BILLINGS, Mont. (AP) — Payments to states in the U.S. West have plummeted for oil, natural gas and coal extracted from U.S. lands after low crude prices and the pandemic slowed drilling and mining in many areas in 2020, according to federal data.
Nationwide, payments to states for drilling on public lands and in U.S. waters were down by $630 million, or about 26%, in fiscal year 2020 compared to the previous year, revenue data released by the U.S. Department of Interior on Friday shows.
New Mexico suffered the biggest fiscal hit, with U.S. government disbursals for energy production dropping about 40% to $707 million in 2020, the data shows. That compares with almost $1.2 billion in 2019. Utah, Colorado, California, Montana and North Dakota also saw double-digit percentage drops in revenue.
Private energy companies pay the federal government for the right to drill for fossil fuels on public lands and in U.S. waters. They also pay royalties based on how much oil or gas they produce. The money is split between the U.S government and the state where the drilling occurred.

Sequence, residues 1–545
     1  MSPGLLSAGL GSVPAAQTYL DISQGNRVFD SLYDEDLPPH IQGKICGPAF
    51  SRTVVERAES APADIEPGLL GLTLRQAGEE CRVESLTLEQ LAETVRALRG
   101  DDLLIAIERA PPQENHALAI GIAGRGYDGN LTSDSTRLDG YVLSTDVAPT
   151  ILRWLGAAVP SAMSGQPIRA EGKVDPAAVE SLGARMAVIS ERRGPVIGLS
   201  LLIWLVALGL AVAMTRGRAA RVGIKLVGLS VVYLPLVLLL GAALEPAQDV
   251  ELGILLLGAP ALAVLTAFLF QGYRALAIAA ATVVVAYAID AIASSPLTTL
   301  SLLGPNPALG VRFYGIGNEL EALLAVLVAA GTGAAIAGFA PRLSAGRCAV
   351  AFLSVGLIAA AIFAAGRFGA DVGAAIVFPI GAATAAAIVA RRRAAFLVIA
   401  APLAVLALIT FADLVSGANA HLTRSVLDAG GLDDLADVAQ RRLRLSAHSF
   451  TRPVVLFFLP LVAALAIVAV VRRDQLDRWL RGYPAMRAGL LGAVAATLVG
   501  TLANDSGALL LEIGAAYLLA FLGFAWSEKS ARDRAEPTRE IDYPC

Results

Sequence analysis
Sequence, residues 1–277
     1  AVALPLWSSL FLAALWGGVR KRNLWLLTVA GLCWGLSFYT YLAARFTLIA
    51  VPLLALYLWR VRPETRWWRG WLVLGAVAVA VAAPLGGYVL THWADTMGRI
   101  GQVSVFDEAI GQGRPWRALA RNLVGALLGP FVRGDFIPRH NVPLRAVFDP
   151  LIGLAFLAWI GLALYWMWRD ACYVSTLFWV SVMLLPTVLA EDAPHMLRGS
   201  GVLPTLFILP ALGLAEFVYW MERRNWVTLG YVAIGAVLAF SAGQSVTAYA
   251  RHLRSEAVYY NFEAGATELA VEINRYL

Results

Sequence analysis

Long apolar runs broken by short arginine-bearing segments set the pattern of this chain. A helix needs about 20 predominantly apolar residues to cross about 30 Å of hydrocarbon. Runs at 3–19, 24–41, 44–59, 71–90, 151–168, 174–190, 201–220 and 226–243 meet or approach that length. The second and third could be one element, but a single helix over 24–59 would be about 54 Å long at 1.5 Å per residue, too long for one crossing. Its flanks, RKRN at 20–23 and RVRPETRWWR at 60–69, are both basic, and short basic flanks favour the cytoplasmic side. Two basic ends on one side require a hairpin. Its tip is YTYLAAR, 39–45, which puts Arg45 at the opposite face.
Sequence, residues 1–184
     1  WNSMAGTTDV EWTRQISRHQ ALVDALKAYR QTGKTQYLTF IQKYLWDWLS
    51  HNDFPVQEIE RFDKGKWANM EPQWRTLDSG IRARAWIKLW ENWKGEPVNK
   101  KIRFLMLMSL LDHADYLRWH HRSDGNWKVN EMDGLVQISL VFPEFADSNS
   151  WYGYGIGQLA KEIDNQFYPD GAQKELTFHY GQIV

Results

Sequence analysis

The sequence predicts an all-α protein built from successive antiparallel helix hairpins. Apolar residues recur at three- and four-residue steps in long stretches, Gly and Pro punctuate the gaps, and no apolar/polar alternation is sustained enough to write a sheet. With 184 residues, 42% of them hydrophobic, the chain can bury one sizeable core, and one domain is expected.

That proved highly lucrative as drilling in the U.S. West boomed in recent years and the payments helped boost state coffers used to pay for schools, roads and other services.
As revenues dropped, states that depend heavily on money from energy production, including Wyoming and New Mexico, have grappled with major budget shortfalls.
Wyoming Gov. Mark Gordon last month asked lawmakers to slash $500 million in response to weak revenue from coal, oil and natural gas.
Wyoming saw its payments under the government’s revenue sharing arrangement decline almost 30% in 2020 to $457 million, compared to $641 million in 2019.
While western states saw decreases, several Gulf Coast states experienced revenues increases in 2020.
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